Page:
of a high-pressure hose echoed through the village. Getting closer to the sound, it was possible to see, over a garden wall, a laundry line totally devoted to gentlemen’s underwear in a stimulating assortment of colors. The garments were under attack, jerking and flapping under the force of the water jet like hanging targets in a shooting gallery. Standing some distance away, out of ricochet range, was the aggressor, in cap and muffler and ankle-high zippered carpet slippers. He had adopted the classic stance of a soldier in combat, feet spread apart, shooting from the hip, a merciless hail of droplets raking back and forth. The underpants didn’t stand a chance.
Only a few days before, my wife and I and the dogs had arrived back in Provence after an absence of four years. Much of that time had been spent in America, where we were able to slip back into the comfortable familiarity of a language that was relatively free—although not entirely—from the problems of being socially appropriate or sexually accurate. No longer did we have to ponder the niceties of addressing people as
, or to rush to the dictionary to check on the gender of everything from a peach to an aspirin. English was spoken, even if our ears were rusty and some of the fashionable linguistic flourishes took a little getting used to.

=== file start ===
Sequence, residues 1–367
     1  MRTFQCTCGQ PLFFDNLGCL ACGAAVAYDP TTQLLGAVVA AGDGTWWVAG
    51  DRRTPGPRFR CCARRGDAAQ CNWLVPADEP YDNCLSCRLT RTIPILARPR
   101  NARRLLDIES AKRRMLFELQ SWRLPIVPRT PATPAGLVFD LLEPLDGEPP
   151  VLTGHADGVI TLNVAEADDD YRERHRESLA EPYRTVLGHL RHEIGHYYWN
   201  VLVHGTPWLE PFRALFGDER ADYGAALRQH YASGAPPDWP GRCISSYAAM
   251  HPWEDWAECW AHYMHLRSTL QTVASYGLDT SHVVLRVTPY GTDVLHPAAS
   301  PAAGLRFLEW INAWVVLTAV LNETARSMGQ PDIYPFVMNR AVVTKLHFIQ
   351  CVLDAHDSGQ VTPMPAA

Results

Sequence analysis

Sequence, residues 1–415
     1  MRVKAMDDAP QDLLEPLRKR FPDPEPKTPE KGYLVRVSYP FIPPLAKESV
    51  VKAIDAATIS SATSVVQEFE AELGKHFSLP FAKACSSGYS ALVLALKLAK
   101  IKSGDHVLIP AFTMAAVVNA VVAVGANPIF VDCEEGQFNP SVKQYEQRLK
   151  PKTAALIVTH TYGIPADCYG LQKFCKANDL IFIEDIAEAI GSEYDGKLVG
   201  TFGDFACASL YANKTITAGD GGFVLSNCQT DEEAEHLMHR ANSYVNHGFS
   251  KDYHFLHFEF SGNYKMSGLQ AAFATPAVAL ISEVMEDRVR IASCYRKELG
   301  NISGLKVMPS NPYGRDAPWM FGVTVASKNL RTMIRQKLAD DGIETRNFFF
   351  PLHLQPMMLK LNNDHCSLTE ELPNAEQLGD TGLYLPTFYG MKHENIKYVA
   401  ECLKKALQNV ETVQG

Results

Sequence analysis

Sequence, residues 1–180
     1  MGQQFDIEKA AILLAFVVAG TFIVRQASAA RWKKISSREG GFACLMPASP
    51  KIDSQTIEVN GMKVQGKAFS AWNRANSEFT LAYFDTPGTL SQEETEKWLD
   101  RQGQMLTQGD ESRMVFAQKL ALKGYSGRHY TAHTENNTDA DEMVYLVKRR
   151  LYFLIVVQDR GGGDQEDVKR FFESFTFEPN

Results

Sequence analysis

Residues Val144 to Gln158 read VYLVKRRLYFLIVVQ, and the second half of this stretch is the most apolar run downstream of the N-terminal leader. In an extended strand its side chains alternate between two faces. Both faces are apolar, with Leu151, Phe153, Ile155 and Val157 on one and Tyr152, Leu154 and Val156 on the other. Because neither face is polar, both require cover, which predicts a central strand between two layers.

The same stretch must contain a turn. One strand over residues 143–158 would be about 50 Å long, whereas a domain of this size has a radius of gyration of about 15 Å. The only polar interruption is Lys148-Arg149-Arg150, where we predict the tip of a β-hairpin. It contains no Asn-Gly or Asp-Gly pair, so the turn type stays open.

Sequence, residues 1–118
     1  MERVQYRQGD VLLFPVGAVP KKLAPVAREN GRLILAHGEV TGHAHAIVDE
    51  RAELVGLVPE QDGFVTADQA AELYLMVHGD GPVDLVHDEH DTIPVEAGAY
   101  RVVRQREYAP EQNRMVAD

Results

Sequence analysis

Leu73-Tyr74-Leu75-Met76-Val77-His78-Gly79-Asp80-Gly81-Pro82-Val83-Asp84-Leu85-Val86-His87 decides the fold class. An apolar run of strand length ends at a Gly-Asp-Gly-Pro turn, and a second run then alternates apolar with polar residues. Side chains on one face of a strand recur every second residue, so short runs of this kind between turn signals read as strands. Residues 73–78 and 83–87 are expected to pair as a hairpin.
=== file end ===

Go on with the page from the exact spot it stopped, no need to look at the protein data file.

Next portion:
A friend of below-average height told us he was not considered short any more but “vertically challenged”; the hour, previously a plain old sixty minutes, had sprouted a “top” and a “bottom”; you were not seen leaving a room, but “exiting” it; the economy was regularly being “impacted,” as though it were a rogue wisdom tooth; great minds “intuited” where once they had merely guessed; “hopefully,” an agreeable word that never harmed a soul, was persistently abused. Important people didn’t change their opinions, but underwent a significant “tactical recalibration.”
There were many and hideous outbreaks of legalese in everyday speech, reflecting the rise of litigation as a national spectator sport. “Surplusage” was one of a hundred of these horrors. I noticed also that sophisticated and influential Americans—those whose comments are sought by the media—were not content to finish anything but preferred to “reach closure,” and I have a nasty feeling that it won’t be long before this affectation is picked up by waiters in pretentious restaurants. I can hear it already: “Have you reached closure on your salad?” (This, of
course, would only be after you had spent some time bending your “learning curve” around the menu.)